Pitchers raise eyebrows at plate in NL park

Darvish hits lefty and Tolleson strikes out in first Major League at-bat

Pitchers raise eyebrows at plate in NL park

CHICAGO -- The Rangers didn't have use of the designated hitter in the National League on Saturday at Wrigley Field. Instead, they had Yu Darvish batting left-handed for the first time in his career and Shawn Tolleson batting for the first time ever in the Major Leagues.

All this with Prince Fielder, Jurickson Profar and Shin-Soo Choo watching from the bench in the Rangers' 3-1 loss to the Cubs. Darvish and Tolleson both struck out against Cubs starter Jason Hammel on a day when the Rangers had just three hits.

"Three hits and you're not going to get a lot of offense out there," Rangers manager Jeff Banister said.

Darvish batted with one out in the third. He is 2-for-11 from the right side as a Major League hitter, but he decided to bat left-handed for this one. Darvish struck out looking at three straight pitches.

Darvish said he can bat either way, but he wanted to hit left-handed because it was less stress on his surgically repaired right elbow.

"I felt it would be easier to hit left instead of right," Darvish said. "Just so you know, the first two pitches were low. I have a good eye."

That was Darvish's only at-bat. A missed double play forced the Rangers to use Tolleson at the plate in the sixth inning.

The Cubs had a runner at first and one out in the fifth when Darvish got Kris Bryant to hit a grounder right at third baseman Adrian Beltre. It should have been an inning-ending double play, but second baseman Rougned Odor dropped the throw and all runners were safe.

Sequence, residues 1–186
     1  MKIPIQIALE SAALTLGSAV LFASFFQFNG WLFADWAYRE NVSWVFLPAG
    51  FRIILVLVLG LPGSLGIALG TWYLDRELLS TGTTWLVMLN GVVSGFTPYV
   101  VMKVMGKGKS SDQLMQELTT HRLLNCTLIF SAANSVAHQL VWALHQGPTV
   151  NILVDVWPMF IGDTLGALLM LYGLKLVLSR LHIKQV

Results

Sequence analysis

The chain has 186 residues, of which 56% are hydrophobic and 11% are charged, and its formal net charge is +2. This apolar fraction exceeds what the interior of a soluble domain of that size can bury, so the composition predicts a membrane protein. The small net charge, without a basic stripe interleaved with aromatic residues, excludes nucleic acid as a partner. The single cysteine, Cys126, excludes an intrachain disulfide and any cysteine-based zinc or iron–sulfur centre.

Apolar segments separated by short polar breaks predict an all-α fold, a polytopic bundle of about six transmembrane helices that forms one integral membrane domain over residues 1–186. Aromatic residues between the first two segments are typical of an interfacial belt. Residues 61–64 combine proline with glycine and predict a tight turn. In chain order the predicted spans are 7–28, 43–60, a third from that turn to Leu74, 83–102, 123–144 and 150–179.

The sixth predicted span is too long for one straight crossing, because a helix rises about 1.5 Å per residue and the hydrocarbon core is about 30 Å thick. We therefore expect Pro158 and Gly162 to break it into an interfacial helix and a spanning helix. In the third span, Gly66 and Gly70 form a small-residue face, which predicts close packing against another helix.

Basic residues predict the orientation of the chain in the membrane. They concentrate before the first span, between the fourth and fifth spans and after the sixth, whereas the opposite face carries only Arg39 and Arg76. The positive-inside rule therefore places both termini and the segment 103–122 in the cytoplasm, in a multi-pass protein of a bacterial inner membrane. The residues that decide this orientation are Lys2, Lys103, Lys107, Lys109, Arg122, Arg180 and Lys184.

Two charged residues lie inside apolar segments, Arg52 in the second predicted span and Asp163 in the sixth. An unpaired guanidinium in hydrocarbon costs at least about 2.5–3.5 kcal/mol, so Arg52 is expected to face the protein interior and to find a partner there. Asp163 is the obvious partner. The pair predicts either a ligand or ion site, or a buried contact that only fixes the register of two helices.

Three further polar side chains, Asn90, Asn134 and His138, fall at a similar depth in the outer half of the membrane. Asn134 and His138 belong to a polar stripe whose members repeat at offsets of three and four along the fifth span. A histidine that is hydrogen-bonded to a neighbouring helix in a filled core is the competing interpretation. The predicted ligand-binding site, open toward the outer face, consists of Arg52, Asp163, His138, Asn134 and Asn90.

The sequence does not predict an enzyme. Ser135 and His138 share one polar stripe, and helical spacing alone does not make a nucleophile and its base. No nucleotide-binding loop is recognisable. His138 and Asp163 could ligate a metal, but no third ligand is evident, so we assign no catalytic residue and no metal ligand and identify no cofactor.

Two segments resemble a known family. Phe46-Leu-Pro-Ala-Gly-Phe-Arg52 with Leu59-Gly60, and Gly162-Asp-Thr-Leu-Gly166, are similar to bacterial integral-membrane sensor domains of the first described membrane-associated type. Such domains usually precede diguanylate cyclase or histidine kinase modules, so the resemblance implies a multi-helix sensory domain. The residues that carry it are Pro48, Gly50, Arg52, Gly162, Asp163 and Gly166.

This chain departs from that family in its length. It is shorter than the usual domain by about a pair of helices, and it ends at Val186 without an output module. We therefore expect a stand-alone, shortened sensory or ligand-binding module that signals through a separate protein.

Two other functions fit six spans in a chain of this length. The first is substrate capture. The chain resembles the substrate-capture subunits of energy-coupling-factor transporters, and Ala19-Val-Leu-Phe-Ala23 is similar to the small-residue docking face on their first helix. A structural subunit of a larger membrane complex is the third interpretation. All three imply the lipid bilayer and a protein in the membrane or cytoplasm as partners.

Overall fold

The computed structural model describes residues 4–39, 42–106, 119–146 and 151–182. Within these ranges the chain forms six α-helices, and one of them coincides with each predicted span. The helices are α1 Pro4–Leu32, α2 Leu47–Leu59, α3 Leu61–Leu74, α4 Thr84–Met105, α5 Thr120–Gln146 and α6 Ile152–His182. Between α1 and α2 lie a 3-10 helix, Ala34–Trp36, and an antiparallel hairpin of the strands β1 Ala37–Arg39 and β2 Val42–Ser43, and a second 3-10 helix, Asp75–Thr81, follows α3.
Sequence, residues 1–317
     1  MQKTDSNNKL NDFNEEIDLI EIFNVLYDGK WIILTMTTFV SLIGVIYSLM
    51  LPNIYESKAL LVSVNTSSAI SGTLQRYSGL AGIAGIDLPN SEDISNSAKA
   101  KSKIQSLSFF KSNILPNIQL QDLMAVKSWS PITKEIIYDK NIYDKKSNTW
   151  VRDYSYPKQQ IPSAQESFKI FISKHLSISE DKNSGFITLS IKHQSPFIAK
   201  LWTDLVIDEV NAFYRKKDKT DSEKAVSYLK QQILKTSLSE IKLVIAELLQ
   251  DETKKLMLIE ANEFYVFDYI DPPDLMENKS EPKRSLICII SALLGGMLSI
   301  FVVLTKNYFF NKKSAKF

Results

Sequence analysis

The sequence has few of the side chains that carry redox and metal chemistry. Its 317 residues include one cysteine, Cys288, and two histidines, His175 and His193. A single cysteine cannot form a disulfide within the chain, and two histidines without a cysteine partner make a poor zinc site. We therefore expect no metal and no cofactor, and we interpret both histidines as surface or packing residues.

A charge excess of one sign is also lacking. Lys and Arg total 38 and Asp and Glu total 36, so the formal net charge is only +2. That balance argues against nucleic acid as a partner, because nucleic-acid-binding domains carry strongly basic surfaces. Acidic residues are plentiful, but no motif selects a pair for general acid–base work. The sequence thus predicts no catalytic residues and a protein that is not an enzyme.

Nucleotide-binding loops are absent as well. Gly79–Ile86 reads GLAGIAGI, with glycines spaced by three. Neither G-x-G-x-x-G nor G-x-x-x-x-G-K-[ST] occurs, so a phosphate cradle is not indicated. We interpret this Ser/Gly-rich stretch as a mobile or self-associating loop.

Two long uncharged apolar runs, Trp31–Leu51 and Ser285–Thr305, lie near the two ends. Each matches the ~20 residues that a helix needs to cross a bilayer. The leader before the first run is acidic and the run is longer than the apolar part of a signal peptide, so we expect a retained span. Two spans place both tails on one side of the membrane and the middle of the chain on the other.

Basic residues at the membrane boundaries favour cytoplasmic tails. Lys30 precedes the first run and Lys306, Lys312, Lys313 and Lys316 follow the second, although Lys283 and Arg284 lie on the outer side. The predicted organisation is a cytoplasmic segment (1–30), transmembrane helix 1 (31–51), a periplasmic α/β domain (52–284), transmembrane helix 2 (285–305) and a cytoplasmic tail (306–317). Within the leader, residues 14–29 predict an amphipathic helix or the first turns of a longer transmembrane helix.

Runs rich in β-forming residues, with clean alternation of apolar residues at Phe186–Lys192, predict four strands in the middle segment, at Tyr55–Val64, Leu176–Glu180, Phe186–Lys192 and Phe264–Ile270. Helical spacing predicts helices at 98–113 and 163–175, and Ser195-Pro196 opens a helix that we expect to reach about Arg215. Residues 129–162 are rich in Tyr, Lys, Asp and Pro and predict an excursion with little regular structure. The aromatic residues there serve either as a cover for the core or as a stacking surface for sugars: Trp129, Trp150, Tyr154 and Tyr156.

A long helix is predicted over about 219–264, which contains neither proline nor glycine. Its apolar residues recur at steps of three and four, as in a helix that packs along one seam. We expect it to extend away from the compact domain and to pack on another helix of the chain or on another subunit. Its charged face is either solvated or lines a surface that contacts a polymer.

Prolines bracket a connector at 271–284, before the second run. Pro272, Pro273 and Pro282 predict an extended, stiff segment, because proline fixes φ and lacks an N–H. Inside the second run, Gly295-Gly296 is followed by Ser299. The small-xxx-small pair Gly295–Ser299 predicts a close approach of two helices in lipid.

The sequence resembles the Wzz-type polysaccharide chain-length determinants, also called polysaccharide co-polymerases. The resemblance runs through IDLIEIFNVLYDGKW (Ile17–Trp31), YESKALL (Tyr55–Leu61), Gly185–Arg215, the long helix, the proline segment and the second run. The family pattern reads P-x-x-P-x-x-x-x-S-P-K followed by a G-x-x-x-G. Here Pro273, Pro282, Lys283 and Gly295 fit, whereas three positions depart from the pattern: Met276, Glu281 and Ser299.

Hammel reaches on review

With Darvish at 90 pitches, Banister chose to bring in Tolleson to pitch. Tolleson got out of the inning without allowing a run, but Banister decided he wanted him to throw another inning. That meant Tolleson leading off the sixth rather than Banister using a pinch-hitter, which he would have done with Darvish still in the game.

"There was no double-switch to be had," Banister said. "It was the sixth inning, we still had 12 outs to go. Tolleson has got to go out there for another inning."

Banister said Tony Barnette was unavailable after throwing 27 pitches on Friday. So it was either have Tolleson stay in the game, use Alex Claudio for the sixth or use Keone Kela and Matt Bush earlier than normal.

Tolleson struck out swinging on six pitches.

The Cubs then tacked on an extra run in the bottom of the inning. Jayson Heyward reached on a leadoff infield single, Miguel Montero walked with two outs and Matt Szczur grounded an RBI single up the middle.

Profar finally batted in the No. 9 spot in the eighth inning. He struck out, too.

T.R. Sullivan has covered the Rangers since 1989, and for MLB.com since 2006. Follow him on Twitter @Sullivan_Ranger and listen to his podcast. This story was not subject to the approval of Major League Baseball or its clubs.